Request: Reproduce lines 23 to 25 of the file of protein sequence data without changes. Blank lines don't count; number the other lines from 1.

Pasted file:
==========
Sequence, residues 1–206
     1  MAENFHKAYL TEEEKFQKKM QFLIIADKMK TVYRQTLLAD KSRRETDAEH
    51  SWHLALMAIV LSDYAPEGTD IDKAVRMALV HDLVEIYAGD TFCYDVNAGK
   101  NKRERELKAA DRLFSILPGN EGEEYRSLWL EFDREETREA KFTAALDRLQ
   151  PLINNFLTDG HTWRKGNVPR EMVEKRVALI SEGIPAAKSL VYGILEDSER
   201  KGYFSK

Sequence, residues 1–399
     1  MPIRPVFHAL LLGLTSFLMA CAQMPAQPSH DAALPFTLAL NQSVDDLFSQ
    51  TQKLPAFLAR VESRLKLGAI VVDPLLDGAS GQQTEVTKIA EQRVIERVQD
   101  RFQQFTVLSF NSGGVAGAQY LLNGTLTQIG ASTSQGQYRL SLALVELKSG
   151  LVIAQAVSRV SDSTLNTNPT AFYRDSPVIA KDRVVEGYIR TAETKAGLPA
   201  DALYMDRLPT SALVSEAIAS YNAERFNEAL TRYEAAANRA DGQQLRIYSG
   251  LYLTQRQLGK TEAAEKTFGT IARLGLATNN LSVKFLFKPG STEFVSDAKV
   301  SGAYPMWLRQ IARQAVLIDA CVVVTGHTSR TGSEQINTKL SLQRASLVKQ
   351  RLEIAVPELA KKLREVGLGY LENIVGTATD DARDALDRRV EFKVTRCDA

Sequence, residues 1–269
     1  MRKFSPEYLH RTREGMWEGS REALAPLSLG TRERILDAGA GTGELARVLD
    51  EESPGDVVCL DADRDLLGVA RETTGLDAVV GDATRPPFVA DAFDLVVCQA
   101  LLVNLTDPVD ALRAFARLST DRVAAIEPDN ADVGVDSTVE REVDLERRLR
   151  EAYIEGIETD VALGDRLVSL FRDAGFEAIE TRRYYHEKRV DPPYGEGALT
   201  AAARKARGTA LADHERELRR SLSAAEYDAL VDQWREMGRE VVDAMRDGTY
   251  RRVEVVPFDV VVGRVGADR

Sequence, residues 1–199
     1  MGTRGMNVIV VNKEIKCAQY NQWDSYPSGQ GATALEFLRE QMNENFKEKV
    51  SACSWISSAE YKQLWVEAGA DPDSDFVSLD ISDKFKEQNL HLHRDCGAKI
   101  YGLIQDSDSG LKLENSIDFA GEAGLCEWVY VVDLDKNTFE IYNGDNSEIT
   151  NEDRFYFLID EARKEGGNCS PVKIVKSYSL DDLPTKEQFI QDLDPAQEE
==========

Sequence, residues 1–199
     1  MGTRGMNVIV VNKEIKCAQY NQWDSYPSGQ GATALEFLRE QMNENFKEKV
    51  SACSWISSAE YKQLWVEAGA DPDSDFVSLD ISDKFKEQNL HLHRDCGAKI